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Florida deaths rise to 47 as they struggle to recover from Ian

Fort Myers, Florida – Florida death toll rises sharply as rescuers evacuate fainted survivors on a large barrier island cut off by Hurricane Ian. Hundreds of thousands of people were still in the sweltering heat without electricity after a monster storm raged from the state’s southwest coast to Carolina.

Florida, where nearly 40 people were reported dead, was hit hardest by a Category 4 hurricane, one of the most powerful hurricanes to make landfall in the United States. Flooded roads and bridges to barrier islands were washed away, cell phone service was limited, and many people were left stranded without basic amenities such as water, electricity and internet.

Florida Gov. Ron DeSantis said on Saturday that billionaire businessman Elon Musk has provided about 120 Starlink satellites to “help bridge some of the communication issues.” He said he does. Musk’s Starlink, his system of satellite-based internet created by SpaceX, provides fast connections.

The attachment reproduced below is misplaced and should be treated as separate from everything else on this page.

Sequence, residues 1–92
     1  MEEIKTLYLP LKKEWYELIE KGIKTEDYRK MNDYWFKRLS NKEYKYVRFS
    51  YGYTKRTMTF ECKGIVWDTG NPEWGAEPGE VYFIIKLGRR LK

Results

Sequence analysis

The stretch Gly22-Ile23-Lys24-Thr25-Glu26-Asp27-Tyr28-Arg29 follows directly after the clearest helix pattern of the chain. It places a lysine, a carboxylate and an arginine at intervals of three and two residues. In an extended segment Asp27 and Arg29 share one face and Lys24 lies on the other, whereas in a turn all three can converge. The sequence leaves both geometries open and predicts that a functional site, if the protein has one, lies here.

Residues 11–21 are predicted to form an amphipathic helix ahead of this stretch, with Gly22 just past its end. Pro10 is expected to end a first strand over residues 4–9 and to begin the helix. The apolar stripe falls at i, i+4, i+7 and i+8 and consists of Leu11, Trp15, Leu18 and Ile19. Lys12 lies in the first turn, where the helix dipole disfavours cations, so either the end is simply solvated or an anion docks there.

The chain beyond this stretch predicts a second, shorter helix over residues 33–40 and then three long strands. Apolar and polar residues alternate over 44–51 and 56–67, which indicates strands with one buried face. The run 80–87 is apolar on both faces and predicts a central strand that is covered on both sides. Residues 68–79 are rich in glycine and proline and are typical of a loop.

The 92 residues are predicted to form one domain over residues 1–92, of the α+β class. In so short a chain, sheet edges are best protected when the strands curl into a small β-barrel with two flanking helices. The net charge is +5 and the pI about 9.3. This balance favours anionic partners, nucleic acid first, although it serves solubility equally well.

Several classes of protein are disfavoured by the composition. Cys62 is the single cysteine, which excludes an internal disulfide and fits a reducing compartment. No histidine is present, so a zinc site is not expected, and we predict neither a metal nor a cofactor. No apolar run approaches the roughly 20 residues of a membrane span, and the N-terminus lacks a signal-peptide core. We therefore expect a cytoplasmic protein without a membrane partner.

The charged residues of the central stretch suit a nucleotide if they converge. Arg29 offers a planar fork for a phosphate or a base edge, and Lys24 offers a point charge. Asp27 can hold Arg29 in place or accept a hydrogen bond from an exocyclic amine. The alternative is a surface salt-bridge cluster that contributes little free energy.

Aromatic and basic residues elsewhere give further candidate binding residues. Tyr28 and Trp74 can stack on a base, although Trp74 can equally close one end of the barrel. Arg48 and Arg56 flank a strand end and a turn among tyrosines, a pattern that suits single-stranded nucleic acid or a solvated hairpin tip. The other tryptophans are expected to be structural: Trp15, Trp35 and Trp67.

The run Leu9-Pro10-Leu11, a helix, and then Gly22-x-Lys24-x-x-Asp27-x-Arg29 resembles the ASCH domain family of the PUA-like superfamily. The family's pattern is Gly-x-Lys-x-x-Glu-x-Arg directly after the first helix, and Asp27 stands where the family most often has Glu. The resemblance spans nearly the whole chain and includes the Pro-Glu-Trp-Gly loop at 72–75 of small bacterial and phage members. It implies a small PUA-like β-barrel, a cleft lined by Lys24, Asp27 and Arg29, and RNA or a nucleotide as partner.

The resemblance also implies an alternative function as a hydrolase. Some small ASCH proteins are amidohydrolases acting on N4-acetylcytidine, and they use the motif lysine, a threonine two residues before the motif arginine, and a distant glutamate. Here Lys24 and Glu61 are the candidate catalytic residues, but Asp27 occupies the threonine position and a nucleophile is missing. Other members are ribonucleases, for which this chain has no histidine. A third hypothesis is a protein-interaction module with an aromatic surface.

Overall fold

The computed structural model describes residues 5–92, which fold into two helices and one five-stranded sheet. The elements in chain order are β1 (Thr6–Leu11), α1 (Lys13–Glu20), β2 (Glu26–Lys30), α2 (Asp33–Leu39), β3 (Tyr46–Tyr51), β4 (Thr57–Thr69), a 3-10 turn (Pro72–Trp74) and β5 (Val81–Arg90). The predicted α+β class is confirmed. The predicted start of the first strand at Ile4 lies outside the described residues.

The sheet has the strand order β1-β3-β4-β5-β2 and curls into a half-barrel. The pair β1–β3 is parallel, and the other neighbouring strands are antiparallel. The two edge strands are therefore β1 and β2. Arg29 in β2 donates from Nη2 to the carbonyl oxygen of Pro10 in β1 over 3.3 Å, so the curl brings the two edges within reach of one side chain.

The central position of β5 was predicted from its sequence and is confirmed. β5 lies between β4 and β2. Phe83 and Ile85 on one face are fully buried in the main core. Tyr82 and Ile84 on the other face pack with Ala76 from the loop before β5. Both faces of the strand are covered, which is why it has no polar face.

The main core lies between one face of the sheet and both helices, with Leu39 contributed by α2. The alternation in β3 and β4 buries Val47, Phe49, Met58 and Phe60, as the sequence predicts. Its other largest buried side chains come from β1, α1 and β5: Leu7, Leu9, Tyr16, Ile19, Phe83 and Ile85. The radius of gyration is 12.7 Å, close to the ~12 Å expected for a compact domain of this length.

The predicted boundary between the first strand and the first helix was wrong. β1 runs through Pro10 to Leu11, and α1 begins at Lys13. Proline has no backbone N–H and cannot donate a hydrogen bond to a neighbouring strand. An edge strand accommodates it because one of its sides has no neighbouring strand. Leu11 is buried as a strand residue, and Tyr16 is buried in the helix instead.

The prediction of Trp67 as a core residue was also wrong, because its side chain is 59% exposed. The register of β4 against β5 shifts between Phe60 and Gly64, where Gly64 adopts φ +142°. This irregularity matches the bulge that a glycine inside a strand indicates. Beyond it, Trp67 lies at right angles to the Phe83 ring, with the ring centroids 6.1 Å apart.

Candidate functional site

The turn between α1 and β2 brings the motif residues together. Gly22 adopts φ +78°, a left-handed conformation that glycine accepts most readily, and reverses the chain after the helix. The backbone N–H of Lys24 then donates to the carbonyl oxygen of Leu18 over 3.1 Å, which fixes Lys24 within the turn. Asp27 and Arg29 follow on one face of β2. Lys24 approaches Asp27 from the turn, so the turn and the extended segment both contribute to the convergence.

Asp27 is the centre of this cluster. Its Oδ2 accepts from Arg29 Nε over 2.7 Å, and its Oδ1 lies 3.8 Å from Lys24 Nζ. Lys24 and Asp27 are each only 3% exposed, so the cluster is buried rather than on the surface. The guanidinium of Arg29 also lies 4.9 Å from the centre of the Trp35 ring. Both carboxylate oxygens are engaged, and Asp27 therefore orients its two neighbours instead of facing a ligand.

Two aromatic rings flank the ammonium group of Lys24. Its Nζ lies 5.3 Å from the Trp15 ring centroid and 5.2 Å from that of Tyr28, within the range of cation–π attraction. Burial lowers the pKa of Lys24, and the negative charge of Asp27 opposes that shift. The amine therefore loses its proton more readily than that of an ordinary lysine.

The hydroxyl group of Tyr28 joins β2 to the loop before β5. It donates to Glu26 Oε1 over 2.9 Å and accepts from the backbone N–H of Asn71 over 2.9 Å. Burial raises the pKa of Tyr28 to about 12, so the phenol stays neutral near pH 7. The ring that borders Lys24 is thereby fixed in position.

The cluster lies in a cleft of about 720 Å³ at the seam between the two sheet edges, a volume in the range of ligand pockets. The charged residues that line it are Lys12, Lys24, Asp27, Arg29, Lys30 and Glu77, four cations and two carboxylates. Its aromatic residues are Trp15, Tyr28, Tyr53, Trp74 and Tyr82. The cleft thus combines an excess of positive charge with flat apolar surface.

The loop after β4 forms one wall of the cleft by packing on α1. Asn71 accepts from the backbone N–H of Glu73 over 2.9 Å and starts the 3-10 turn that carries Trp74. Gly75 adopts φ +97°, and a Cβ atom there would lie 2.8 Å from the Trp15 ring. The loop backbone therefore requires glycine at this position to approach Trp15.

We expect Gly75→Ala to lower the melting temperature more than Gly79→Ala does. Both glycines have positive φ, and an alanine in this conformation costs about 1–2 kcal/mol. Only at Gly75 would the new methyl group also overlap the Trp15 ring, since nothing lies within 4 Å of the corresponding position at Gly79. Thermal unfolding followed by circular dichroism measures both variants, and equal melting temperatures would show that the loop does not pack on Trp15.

The Florida power company was working to restore power. As of Sunday morning, about 850,000 homes and businesses were still without electricity, down from a peak of 2.67 million.

At least 54 deaths confirmed: 47 Florida, four in North Carolina and three in Cuba. The weakened storm was expected to move northward on Sunday, bringing rain to parts of Virginia, West Virginia, Maryland and southern Pennsylvania, according to the National Hurricane Center.